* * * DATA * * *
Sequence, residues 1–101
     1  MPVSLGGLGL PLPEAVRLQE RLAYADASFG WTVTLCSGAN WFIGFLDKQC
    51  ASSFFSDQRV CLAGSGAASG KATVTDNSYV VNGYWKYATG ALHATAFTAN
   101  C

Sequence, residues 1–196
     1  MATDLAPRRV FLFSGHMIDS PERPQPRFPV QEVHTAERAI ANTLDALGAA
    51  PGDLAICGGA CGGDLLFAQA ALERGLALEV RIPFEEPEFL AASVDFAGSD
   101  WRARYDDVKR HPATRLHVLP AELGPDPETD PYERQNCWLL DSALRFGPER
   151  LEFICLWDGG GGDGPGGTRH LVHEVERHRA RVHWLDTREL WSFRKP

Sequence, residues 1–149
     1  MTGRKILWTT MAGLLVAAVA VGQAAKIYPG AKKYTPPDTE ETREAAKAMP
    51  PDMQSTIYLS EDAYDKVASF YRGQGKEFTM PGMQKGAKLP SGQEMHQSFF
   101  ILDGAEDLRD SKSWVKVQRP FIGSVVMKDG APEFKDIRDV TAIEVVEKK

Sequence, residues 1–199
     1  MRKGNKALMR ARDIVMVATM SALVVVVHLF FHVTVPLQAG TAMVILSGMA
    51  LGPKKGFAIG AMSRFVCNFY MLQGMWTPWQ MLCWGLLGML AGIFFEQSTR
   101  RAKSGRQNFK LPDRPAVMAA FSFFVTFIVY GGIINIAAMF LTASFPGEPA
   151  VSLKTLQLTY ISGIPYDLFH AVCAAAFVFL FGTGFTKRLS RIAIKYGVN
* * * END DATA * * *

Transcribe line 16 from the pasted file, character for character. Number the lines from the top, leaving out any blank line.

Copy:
    51  LGPKKGFAIG AMSRFVCNFY MLQGMWTPWQ MLCWGLLGML AGIFFEQSTR